‘It’s backward and reduces them to faceless beings’: Muslim conference under fire for DELETING faces of female speakers on promotional flyer. The great irony here is while women are demeaned, degraded, and diminished under Islamic law, feminists and leftist authoritiarians riot and protest in support of Islam and Islamic law.
Muslim conference organizers blamed Islamophobia for their misogyny. The organizers said they were trying to protect the women from right-wing extremists. That is how deep and wide the hatred of the kufar AND how handily the Muslim world defaults to blaming the infidel for their savagery and hate.
Women’s faces hidden on Australian Islamic Peace Conference flyer, sparking outrage
Staff writers, Herald SunFebruary 8, 2017:
A CONTROVERSIAL Islamic peace conference has sparked outrage after hiding the faces of three women advertised on a flyer to promote the event.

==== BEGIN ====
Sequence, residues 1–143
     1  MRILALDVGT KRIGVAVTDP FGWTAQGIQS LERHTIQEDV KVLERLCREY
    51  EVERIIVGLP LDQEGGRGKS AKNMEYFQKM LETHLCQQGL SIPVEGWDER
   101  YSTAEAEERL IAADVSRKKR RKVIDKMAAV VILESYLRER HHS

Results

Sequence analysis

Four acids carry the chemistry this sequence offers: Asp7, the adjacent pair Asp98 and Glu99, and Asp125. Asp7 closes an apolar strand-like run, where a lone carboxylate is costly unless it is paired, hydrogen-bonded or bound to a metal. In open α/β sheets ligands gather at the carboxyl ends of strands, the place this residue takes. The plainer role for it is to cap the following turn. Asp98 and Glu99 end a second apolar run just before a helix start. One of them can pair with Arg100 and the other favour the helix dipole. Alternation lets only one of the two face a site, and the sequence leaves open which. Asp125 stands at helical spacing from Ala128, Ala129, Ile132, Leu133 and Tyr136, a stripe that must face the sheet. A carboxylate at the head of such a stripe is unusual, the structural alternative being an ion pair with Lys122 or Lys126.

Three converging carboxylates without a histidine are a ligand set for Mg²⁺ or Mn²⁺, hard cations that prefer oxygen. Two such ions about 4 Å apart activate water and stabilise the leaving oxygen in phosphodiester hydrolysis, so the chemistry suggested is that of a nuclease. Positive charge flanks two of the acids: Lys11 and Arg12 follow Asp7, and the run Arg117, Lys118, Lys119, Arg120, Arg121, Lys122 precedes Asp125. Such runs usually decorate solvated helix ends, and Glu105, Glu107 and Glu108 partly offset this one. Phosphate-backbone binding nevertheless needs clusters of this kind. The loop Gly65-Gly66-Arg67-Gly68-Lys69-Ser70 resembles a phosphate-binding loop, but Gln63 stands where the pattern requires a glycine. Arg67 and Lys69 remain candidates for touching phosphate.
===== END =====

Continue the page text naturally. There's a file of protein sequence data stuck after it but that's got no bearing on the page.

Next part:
The Australian Islamic Peace Conference posted the pamphlet on Facebook last week with the leaders who are set to speak at the event next month.
But three female speakers — psychologist Monique Toohey, social worker Nina Trad Azam and Islamic teacher Umm Jamaal ud-Din — had their faces replaced with black ink.
The faces of all other 12 male speakers are displayed.
Organisers have been slammed on social media with one user posting: “I came across the flyer earlier and was shocked. I couldn’t articulate myself or write something about it. Seeing sister Monique’s name made me sure that it’s not their choice and also made me feel sick”.
A spokesman for organisers the Islamic Research and Education Academy said they were trying to protect the women from right-wing extremism.
“Muslim women are particularly (being) humiliated and targeted in our streets, threatened and abused on social media,’ he told the Daily Mail.
‘Due to the growing Islamophobia our campaign team wanted to be extra cautious with female guests so they wouldn’t be targeted in the streets.”
The Herald Sun has contacted the Australian Islamic Peace Conference for further comment.
The conference will feature discussions, panels and youth affairs and is on between March 11 and 12.